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  • Writer's pictureTyesha Ferron

The Beginner’s Guide to Getting Your Part 107 Drone License

What is Part 107?

Essentially, Part 107 is a remote pilot certification process for the commercial use of small drones. Without one, flying a drone for profit could get you fined upwards of $1,000. Part 107 was finalized as part of Chapter 14 of the Code of Federal Regulations on June 21st, 2016. To have a Part 107 remote pilot certificate (or “commercial drone license”) means that pilots are allowed to operate their drones for profit without a Section 333 Exemption (Section 333 being the part of the FAA Modernization and Reform Act of 2012 that “grants the Secretary of Transportation the authority to determine whether an airworthiness certificate is required for a UAS to operate safely in the National Airspace System (NAS)”).

How do You Get Certified?

Certification for Part 107 can be obtained in a couple of different ways. Pilot certificate holders may either take the FAA Safety Team online course called “Part 107 small Unmanned Aircraft Systems (sUAS) ALC-451” or take the aeronautical knowledge test, then submit an online or paper application (FAA form “8710-13”) through the Integrated Airman Certification and Rating Application (IACRA). All other applicants are required to pass the FAA remote pilot knowledge test.

Are You Eligible to Take the Test?

Not everyone can nor needs to take the Part 107 certificate. You can’t or don’t need to obtain certification if you are:

  • Only a recreation drone user,

  • Under 16 years old, or

  • A Part 16 certificate pilot who has completed a flight review within the past 24 months ( meaning you have the option to complete the Safety Team training course, and submit an 8710-13 form)

Before You Take the Test

Each attempt to pass the test costs $150. Administration of the test is by appointment through There, you can pay and search for your nearest testing site. The test is administered at around 700 locations approved by the FAA, so you have a good chance of finding a site closeby. Unfortunately, you won’t know your actual testing date until a few days after registering when a representative from a CATS Testing Center will call to reserve a time slot, or you can directly book an exam by calling the CATS facility directly (800-947-4228).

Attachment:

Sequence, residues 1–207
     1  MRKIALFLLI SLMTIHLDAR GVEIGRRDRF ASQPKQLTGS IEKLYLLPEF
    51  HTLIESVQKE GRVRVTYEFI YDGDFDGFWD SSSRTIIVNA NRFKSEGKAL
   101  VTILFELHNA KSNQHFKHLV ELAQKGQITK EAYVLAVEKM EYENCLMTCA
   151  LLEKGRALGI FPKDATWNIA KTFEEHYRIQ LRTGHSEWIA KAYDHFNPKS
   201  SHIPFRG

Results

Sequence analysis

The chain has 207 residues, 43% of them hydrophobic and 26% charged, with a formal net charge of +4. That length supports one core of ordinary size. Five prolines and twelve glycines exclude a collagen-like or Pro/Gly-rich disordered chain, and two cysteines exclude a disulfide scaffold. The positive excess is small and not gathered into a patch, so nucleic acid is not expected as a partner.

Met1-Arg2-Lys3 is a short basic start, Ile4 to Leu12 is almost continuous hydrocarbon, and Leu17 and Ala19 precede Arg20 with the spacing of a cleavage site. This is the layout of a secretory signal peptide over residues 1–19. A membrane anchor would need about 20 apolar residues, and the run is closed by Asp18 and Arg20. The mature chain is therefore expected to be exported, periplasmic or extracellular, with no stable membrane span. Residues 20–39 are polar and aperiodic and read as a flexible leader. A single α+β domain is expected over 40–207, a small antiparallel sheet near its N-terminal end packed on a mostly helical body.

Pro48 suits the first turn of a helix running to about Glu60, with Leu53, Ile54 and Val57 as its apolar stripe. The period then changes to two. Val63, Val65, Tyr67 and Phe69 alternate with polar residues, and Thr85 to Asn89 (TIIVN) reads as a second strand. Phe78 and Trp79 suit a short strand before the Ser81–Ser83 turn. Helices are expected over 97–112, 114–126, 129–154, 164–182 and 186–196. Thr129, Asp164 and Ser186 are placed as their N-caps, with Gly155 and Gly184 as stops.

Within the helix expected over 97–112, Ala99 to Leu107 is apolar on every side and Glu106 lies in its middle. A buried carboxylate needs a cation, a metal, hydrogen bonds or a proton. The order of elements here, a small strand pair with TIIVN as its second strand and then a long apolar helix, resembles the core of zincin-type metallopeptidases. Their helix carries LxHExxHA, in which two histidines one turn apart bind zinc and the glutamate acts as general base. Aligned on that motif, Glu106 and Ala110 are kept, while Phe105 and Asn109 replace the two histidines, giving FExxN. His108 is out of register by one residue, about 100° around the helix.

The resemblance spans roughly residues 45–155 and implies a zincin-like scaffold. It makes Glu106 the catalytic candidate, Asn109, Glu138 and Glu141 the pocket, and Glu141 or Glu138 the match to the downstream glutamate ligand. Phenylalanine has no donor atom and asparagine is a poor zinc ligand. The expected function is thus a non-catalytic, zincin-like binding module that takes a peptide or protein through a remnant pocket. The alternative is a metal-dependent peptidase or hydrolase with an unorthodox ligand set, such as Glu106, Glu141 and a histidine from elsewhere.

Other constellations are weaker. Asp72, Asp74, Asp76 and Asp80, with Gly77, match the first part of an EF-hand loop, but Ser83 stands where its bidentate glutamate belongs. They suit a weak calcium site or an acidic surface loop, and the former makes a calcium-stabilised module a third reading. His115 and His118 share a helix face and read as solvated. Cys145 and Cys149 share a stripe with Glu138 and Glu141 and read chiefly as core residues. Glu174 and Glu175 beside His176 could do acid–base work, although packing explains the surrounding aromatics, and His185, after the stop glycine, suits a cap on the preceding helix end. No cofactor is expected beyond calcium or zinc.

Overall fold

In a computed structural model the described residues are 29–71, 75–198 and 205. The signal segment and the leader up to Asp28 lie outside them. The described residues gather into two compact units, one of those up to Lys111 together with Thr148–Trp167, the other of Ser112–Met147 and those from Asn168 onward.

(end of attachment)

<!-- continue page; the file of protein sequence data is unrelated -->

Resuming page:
What to Expect on Test Day

At your local testing center, the test will be administered electronically at a computer station under the supervision of a proctor. You will have 2 hours to complete 60 multiple choice questions. A score of at least 70% is required to pass, and you will be tested on the following 12 topics:

  1. Regulations Under Part 107

  2. Airspace Classifications

  3. Flight Restrictions

  4. Aeronautical Charts

  5. Airport Operations for Drone Pilots

  6. Radio Communications for sUAS Pilots

  7. Aviation Weather for Drone Pilots

  8. Maintenance and Preflight Procedures

  9. Crew Resource Management and Aeronautical Decision Making

  10. sUAS Loading and Performance

  11. Hazards to Flight and Emergency Procedures

  12. Physiology for Drone Pilots Under Part 107

After the Test

Immediately upon completion of your test, you will receive your score. If you failed, you will have to wait 14 days before you can be tested again. If you passed, your temporary certificate will be made available on the IACRA site within one week. With the temporary certificate, you can fly legally. Within 1 to 3 months, your permanent Remote Pilot Certificate will arrive in the mail. This certificate is valid for 24 months before you need to retake the test.


If you’re worried about the certification process or the material, there are many guides available online to help you prepare. You can check out these resources for more information on Part 107 and obtaining certification:


I am a writer and an artist based in Georgia. Specializing in illustration, graphic design, and video art, I love to explore the new ways technology intersects with art. I think drones have done amazing things for photography and video art, making what would previously be costly and difficult more accessible. As a complete novice, it was only recently that I saw what independent artists could do with their drones, and I continue to be impressed by the sights that drones are able to explore and the images they can capture. Instagram: @tyesha.ferron

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